Tempers flare vs. Cubs in spring training — wait till it counts

SHARE Tempers flare vs. Cubs in spring training — wait till it counts

SCOTTSDALE, Ariz. – The Cubs and Giants haven’t even reached the regular season yet, and the tensions already are rising between the two National League contenders.

In the fourth inning of a nationally televised spring game started by each team’s ace, the tensions nearly boiled over when Giants pitcher Madison Bumgarner and Cubs right fielder Jason Heyward had to be restrained after a “misunderstanding” over what Bumgarner believed was a case of stealing pitch signs.


In a spring training game.

Wait until it counts.

Maybe some of the intensity was about a lineup full of Giants regulars who remembered getting swept at Wrigley Field last August in a four-game series that knocked the Giants from playoff position and changed the fortunes of both teams’ seasons.

Regardless, Cubs center fielder Dexter Fowler believes the Cubs are going to see more hard play – if not increased hard feelings – all season because of the target the young National League favorites wear this year.

“They’re a competitive team,” Fowler said of the Giants. “So obviously each and every game they’re going to come out and they’re going to battle, especially with the type of hype we have here.”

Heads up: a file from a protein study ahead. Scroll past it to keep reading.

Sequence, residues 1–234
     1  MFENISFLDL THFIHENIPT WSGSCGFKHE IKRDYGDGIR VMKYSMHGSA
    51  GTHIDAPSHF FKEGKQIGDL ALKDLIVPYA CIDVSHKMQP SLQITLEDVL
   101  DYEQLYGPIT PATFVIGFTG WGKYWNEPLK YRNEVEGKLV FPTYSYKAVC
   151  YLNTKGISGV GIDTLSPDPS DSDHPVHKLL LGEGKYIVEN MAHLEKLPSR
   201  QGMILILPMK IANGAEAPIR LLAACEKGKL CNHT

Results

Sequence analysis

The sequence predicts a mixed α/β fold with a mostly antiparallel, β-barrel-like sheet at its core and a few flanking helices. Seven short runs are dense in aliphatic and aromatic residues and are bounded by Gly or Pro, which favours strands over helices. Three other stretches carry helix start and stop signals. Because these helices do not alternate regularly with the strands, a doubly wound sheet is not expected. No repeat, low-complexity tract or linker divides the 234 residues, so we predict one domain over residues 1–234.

And not just the Giants.

“Yeah, for sure,” Fowler said. “I think everybody’s going to be on our helmet. So it’s just a matter of going out and taking care of business on this side.”

Thursday’s made-for-spring-training-TV moment started when Bumgarner struck out Heyward on a called strike Heyward said he wasn’t sure about. So he looked out at Fowler at second, trying to get his attention to see what he thought, Heyward said.

When the unhappy gaze lasted longer than a second or two, Bumgarner initially took Heyward to be looking at him.

“But he said he wasn’t,” Bumgarner said. “So there’s only one other person for him to be talking to. That’s the guy standing on second base. He looked like he was upset with him. There’s only one reason he could be doing that.

“Might want to be a little more discreet about that if they’re going to do that kind of thing.”

“Discreet about what?” said Heyward, who was eager to set the record straight with media.

“There was no tipping the signs. I understand people would say they wouldn’t tell us anyway,” Heyward said. “Believe me or not, genuinely that was not going on. Especially not in a spring training game. I wouldn’t show up my teammate if he gave me the wrong sign or anything else. That just looks bad.

“It was a misunderstanding.”

“The morale of the story,” said Fowler, giving a very high thumbs-up, “ is from now on I’m going to go like this.”

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